Bonds have much less timing risk, but on the other hand with low risk bonds you are virtually assured of losing buying power to inflation. In the U.S., bonds whose yields are indexed to inflation, such as TIPS, do not solve this problem because the U.S. government cheats investors by computing falsely low inflation rates. Bonds of other nations with fiat currencies, particularly those nations that run chronic deficits, are subject to the same problem.

    Consequently, if you want to make long term investments that will keep up with inflation and have some reasonable probability of providing a significant net positive total return above inflation over time you either must invest only in stocks of sound companies paying dividends, and with histories of increasing those dividends, or you must look elsewhere entirely, such real estate, for example. And the latter has it own risks and problems. And of course with any investment you must consider tax consequences.

    I concluded long ago, that for the passive long-term investor, bonds are out of the question in the early years of building an investment portfolio, because they lose to inflation -- at least in the U.S.-- and the only stock investments that make sense are investment into companies paying dividends.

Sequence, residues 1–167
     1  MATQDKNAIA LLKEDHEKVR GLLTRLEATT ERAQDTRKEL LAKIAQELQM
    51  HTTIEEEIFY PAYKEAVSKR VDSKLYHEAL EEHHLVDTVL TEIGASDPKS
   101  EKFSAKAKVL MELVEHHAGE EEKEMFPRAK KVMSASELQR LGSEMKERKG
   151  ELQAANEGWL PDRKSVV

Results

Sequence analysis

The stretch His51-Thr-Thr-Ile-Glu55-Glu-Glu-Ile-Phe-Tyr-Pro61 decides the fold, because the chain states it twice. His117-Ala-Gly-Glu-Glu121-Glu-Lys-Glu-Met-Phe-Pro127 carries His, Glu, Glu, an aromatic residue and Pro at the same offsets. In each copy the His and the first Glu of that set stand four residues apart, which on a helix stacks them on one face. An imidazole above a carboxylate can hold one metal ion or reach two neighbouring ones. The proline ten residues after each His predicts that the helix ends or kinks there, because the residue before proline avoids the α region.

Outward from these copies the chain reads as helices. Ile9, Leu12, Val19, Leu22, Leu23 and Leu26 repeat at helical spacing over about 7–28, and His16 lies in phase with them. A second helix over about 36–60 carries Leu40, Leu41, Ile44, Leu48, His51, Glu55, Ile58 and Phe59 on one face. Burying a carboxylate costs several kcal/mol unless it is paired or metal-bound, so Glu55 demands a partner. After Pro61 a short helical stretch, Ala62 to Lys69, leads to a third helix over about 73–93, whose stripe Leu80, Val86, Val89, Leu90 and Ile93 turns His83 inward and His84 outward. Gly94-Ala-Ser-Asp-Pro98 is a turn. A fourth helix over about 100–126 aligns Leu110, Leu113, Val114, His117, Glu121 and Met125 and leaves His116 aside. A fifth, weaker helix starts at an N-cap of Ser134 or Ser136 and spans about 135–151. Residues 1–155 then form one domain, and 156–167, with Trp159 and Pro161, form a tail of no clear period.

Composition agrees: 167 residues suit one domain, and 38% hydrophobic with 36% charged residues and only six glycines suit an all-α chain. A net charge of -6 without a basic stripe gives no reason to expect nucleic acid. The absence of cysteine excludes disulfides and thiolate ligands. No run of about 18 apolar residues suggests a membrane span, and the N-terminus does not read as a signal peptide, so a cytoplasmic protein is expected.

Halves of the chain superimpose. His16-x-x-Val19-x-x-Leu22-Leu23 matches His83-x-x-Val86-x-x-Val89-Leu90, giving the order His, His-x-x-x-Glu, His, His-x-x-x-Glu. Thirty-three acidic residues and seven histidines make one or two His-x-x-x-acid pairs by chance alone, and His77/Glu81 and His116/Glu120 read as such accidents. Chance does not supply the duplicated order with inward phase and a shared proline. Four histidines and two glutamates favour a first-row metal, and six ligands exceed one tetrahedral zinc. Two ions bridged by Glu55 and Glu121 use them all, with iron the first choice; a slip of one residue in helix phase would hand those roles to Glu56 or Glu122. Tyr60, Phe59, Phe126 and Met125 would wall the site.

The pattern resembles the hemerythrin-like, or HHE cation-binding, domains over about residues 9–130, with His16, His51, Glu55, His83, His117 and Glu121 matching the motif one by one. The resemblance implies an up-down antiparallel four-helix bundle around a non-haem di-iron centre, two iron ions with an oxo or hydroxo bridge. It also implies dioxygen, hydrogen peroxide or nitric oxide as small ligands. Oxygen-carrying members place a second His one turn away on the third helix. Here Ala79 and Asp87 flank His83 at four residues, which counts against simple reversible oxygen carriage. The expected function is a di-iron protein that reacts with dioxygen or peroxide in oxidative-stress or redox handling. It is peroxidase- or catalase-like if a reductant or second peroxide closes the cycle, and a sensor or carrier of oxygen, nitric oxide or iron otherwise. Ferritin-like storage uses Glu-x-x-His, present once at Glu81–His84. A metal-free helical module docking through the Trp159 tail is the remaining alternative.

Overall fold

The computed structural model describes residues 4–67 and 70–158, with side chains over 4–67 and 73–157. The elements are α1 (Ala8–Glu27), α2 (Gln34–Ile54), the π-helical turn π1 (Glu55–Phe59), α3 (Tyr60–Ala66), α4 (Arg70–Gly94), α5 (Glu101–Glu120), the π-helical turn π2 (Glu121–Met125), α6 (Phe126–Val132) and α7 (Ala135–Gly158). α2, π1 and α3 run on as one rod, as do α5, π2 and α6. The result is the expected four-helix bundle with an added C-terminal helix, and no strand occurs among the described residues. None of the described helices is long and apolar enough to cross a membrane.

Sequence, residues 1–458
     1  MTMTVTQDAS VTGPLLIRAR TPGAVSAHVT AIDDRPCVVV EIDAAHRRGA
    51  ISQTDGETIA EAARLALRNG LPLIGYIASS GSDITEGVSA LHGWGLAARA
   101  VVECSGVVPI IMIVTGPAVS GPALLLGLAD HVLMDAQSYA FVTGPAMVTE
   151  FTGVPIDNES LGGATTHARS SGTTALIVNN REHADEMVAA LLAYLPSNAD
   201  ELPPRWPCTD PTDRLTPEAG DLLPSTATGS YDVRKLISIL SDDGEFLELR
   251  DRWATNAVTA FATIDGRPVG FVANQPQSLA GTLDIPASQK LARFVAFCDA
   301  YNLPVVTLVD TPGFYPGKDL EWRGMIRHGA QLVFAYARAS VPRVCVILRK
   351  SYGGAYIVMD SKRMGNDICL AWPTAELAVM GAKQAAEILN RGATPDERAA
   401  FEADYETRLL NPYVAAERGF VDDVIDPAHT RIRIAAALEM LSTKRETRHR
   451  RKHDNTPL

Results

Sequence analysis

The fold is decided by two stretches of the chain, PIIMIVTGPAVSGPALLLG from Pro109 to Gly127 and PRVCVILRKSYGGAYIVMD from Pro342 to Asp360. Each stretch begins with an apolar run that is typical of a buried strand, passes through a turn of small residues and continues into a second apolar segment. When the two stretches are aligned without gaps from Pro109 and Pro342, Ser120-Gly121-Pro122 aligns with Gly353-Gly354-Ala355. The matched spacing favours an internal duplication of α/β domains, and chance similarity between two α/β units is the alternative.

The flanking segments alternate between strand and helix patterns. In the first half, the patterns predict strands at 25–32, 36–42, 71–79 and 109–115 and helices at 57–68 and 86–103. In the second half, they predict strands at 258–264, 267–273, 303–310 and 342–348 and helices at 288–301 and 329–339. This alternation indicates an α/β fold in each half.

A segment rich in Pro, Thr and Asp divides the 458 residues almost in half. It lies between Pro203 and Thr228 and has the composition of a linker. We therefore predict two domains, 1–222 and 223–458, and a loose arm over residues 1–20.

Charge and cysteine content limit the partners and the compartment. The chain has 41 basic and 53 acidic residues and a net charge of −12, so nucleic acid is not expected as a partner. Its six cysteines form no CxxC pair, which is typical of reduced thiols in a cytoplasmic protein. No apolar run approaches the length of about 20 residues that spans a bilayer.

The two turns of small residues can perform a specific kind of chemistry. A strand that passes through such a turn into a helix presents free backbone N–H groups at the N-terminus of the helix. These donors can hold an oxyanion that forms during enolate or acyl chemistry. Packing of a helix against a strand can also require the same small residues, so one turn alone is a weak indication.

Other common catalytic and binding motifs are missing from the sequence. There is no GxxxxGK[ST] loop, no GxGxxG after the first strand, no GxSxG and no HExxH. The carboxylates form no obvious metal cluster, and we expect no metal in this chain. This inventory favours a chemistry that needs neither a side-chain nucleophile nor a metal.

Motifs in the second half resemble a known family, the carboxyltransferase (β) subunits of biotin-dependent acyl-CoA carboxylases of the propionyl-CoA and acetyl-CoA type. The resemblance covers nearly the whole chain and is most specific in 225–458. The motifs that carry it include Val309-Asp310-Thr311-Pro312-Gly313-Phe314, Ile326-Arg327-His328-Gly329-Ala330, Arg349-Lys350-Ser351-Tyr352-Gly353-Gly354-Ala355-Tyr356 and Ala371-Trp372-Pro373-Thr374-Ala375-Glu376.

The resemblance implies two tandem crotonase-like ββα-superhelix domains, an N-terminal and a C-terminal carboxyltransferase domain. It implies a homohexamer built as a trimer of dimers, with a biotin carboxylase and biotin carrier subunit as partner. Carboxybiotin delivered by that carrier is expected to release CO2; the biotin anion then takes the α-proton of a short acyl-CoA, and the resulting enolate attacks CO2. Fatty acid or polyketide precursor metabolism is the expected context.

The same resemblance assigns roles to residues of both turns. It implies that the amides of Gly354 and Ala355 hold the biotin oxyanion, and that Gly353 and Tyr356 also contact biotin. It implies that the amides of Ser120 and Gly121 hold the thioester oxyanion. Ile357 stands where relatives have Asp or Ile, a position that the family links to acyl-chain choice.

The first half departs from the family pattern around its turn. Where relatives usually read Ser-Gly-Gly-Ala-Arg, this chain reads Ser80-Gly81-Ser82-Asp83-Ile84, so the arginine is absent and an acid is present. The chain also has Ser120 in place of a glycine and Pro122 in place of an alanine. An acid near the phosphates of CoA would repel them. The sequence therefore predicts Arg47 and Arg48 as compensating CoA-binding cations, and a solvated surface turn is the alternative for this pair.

Therefore, if i were your age, and i did not have the time and expertise to trade my portfolio efficiently and profitably, and that can be extremely difficult, and i was set on making investments in stocks, i would buy only stocks of companies that pay dividends and have at least some promise of growing earnings so that dividends can be expected to grow. At your age i would not invest in bonds at all. I would not borrow to invest, i.e., i would not use leverage. I would emphasize investment in companies whose earnings were denominated in currencies of countries that had sound, low inflation economies, i.e., low deficits or balanced budgets, and i would diversify among different sectors and countries. I would not hold many stocks of U.S. companies right now. The long term prospects for U.S. companies for returns above inflation are particularly dim at present. Much of the recent earnings of U.S. companies is the result of foreign operations in currencies other than the dollar so that when those earning are recomputed in dollars they appear to be quite good until they are corrected for real inflation in the U.S. economy. For U.S. investors these much touted earnings are largely illusory.
     
  6. Thanks piezone

    i have been quite worried about inflation to as it seems to take a huge chunk outta any future earnings.

    So your suggesting sound companies with potential earnings growth.

    would more heavy weighting towards emerging markets do the trick?
     
  7. 1. Don't borrow - the possible increase in returns is massively outweighed by the risks. Over the long-term, tail risk becomes very high, and that will wipe out any margined account. Your chance of losing your life savings is probably at least 50% over the course of your life if you use any substantial margin.